The last one year of the Aam Aadmi Party's rule in the National Capital has been nothing short of an extravagant broadway production. There certainly were enough theatrics - just about everything from passionate speeches, to corruption rows, to mudslinging to incidents of ink-flinging.
In their bid to win over Delhi residents - after their ill-fated 49 hour stint - the Aam Aadmi Party showered the capital with one promise after another. The AAP was also seen grappling with the 'Centre-manufactured' political turmoil which was aggravated by its 'not-so-cordial' relationship with LG Najeeb Jung and the Delhi police.
In the long list of assurances made by the party, three sectors that find a prominent mention are power, water and infrastructure.
So was the party able to perform to its best while addressing these areas?
Living up to its pre-poll promises surrounding 'bijli', the AAP government announced a flat 50 per cent subsidy for people consuming less than 400 units a month. This came as as a huge relief for middle-income households.
Not just this, the AAP government pulled up the power discoms - Tata Power Delhi Distribution Ltd, BSES Rajdhani Power Ltd and BSES Yamuna Power Ltd - and ordered a Comptroller and Auditor General (CAG) audit on several grounds.
However the efforts hit a roadblock with the Delhi high court holding that: "There can be no other audit by CAG at the instance of the state government when regulatory body, Delhi Electric Regulatory Commission, is already there to audit the accounts of discoms".
The Supreme Court is hearing appeals filed by the CAG as well as the state government against the Delhi high court order. According to media reports, the subsidy is costing the government around Rs 1,400 crore.
Water and sewage
As a part of its promises, the AAP government ensured free water of up to 20 kilolitres per household per month through a Delhi Jal Board metered connection.
The government also fell under sharp criticism for its free water scheme due to the predicted fall in the utility's revenue because of the Rs 23.3-crore subsidy.
But fate favored AAP and the DJB managed to declare an increase in the revenue which was Rs 178 crore more than the previous year (2014).
However, the overall promise of providing free water has not been met completely. There are a number of areas in the city which continue to witness long queues for water as people await the private and government tankers.
But the government should be appreciated for taking up an initiative to address the water woes. So far, pipelines have been laid in over 20 colonies which is benefiting around 7 lakh households.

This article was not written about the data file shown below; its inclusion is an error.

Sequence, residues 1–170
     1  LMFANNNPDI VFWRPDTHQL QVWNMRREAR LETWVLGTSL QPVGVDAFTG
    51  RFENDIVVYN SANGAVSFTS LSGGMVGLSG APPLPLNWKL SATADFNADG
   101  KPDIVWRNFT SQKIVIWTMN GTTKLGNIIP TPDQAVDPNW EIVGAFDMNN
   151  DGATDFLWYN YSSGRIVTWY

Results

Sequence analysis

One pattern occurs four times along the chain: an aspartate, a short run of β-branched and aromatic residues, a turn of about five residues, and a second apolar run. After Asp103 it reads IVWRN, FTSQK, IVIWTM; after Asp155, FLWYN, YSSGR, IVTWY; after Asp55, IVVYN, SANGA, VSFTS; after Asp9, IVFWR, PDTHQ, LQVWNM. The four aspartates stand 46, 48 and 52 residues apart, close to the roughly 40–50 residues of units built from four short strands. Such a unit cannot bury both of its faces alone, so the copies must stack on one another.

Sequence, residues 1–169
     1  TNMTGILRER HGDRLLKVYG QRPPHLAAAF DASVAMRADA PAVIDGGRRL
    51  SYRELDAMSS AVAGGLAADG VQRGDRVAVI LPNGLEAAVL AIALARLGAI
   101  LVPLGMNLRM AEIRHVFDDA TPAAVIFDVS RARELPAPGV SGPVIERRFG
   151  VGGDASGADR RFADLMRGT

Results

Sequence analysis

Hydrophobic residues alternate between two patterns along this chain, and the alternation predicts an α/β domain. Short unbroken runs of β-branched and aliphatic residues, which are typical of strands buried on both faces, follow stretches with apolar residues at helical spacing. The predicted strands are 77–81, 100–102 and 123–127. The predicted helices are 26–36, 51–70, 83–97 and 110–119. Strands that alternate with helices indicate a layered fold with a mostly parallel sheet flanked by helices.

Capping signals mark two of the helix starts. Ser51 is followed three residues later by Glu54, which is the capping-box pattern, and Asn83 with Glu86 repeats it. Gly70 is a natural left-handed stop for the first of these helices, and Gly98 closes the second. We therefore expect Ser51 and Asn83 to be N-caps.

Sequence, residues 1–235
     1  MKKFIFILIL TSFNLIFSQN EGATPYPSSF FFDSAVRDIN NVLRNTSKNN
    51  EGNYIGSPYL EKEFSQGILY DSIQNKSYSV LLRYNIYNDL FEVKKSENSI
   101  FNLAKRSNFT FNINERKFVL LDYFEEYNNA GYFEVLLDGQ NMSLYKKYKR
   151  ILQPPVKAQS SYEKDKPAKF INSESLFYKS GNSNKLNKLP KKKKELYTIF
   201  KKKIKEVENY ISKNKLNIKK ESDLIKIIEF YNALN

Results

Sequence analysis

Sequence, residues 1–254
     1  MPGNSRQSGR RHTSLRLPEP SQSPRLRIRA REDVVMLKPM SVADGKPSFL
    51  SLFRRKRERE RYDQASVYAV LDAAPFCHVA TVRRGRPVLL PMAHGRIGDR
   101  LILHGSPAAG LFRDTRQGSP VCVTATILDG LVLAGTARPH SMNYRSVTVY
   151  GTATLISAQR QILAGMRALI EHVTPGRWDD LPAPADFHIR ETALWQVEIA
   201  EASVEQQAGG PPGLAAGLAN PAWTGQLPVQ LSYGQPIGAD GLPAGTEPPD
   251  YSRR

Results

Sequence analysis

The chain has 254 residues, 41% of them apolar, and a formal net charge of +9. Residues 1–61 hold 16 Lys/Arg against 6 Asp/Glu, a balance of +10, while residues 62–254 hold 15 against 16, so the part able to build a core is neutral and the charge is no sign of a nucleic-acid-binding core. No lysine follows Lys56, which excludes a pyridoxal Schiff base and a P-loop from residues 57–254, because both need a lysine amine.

The government also reduced sewer development charges from Rs 494 per square metre to Rs 100 per square metre - extending relief to around 152 unauthorised colonies where sewerage lines are laid.
But there is a dire need to further attend to the sewer connections in the city and also build upon the infrastructure for sewage treatment.
This is one area where the promises made by the party have fallen short. The party has been facing opposition ire for keeping the development on the city on the back burner.
In 2015-2016 budget, all major infrastructure sectors - including public works, housing, urban and rural development - saw a reduced budgetary allocation, while funds were increased for the public health, education and power sectors. The BJP criticised the move, alleging that the capital outlay meant for development works has been reduced to fulfill the AAP's agenda - including water and power subsidy and that the allotted fund was meant to stall the infrastructural progress in the city.
The AAP government was also seen celebrating the inauguration of the elevated corridor between Mangolpuri to Madhuban Chowk at Outer Ring Road, which was built at the cost of Rs 300 crore - well below the sanctioned cost of Rs 450 crore. But the project was commission under former CM Shiela Dikshit.
The Centre's Rs 3,250-crore push to unclog Delhi's six flyovers comes as a sign of relief. According to media reports, these projects were conceived by the erstwhile Sheila Dikshit government but they got stuck due to shortage of funds and three consecutive elections. Notably, the government has also granted Rs 1,665 crore for DDA and Rs 85 crore for North MCD. The DDA and Delhi Police have also been asked to suggest measures to unclog city roads, officials said.
The AAP government managed to get rid of the 5.8 km Bus Rapid Transport corridor - or BRT corridor - which has been haunting Delhiites for years.
The government's Odd-Even formula for traffic helped reduce the pollution levels and brought about a marked reduction in the traffic congestion in the capital. However, this was an emergency measure rather than a long-term solution.